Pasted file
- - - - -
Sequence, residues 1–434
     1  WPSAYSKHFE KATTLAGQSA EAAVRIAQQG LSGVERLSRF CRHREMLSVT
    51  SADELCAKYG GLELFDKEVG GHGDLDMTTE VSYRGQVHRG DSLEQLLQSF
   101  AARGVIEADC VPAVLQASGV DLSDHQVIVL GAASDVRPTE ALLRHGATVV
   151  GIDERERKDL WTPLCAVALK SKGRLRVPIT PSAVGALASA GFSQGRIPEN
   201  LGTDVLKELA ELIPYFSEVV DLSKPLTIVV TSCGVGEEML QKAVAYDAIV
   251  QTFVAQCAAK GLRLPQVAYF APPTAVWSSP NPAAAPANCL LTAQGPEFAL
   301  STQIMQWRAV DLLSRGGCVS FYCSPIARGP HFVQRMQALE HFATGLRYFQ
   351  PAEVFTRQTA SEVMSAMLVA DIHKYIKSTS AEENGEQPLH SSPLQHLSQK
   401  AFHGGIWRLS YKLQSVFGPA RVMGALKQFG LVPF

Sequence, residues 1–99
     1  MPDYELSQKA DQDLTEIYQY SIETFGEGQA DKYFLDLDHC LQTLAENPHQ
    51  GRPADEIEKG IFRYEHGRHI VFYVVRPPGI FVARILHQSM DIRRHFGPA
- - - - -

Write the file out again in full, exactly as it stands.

Sequence, residues 1–434
     1  WPSAYSKHFE KATTLAGQSA EAAVRIAQQG LSGVERLSRF CRHREMLSVT
    51  SADELCAKYG GLELFDKEVG GHGDLDMTTE VSYRGQVHRG DSLEQLLQSF
   101  AARGVIEADC VPAVLQASGV DLSDHQVIVL GAASDVRPTE ALLRHGATVV
   151  GIDERERKDL WTPLCAVALK SKGRLRVPIT PSAVGALASA GFSQGRIPEN
   201  LGTDVLKELA ELIPYFSEVV DLSKPLTIVV TSCGVGEEML QKAVAYDAIV
   251  QTFVAQCAAK GLRLPQVAYF APPTAVWSSP NPAAAPANCL LTAQGPEFAL
   301  STQIMQWRAV DLLSRGGCVS FYCSPIARGP HFVQRMQALE HFATGLRYFQ
   351  PAEVFTRQTA SEVMSAMLVA DIHKYIKSTS AEENGEQPLH SSPLQHLSQK
   401  AFHGGIWRLS YKLQSVFGPA RVMGALKQFG LVPF

Sequence, residues 1–99
     1  MPDYELSQKA DQDLTEIYQY SIETFGEGQA DKYFLDLDHC LQTLAENPHQ
    51  GRPADEIEKG IFRYEHGRHI VFYVVRPPGI FVARILHQSM DIRRHFGPA